The FBI has told Sen. Rand Paul, R-Ky., that it does not need a warrant to use drones for surveillance on U.S. soil.
The libertarian-leaning senator had requested drone information during the confirmation hearing for incoming FBI Director James Comey.
The FBI replied to Sen. Paul, admitting that it has actually used drones 10 times on specific investigations inside the United States.
Officilas said the bureau has no plans to use drones for general surveillance of the American people. But it also claims it's allowed to spy from the skies whenever it wants because it's only monitoring public areas, so there's no invasion of privacy.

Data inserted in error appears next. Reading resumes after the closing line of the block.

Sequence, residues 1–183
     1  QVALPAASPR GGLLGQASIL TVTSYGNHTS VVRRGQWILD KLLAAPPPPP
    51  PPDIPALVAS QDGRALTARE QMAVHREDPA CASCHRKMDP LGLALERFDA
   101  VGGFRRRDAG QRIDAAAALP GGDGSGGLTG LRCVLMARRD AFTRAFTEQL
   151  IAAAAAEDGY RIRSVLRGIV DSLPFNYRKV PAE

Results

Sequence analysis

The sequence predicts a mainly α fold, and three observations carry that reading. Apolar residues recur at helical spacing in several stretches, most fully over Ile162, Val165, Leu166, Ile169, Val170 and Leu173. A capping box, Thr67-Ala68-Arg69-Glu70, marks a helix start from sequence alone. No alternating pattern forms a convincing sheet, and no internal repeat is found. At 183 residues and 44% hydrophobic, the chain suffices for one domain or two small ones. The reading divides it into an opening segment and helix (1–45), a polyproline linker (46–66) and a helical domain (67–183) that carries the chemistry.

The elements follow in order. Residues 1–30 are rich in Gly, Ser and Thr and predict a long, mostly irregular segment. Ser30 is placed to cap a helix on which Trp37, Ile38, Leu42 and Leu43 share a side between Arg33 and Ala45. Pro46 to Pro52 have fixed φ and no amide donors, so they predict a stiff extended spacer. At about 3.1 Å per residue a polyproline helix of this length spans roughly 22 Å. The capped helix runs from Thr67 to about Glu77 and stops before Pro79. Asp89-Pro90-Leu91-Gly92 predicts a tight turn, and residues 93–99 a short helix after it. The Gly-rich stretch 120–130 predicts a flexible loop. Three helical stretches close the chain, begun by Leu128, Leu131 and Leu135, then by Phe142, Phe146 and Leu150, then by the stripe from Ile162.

"The FBI today responded to my questions on domestic use of surveillance drones by saying that they don't necessarily need a warrant to deploy this technology," Paul responded. "I disagree with this interpretation."
The FBI letter says their policy does not violate the Fourth Amendment requirement for a warrant because the courts have ruled there is "no reasonable expectation of privacy" for people when they are out in public.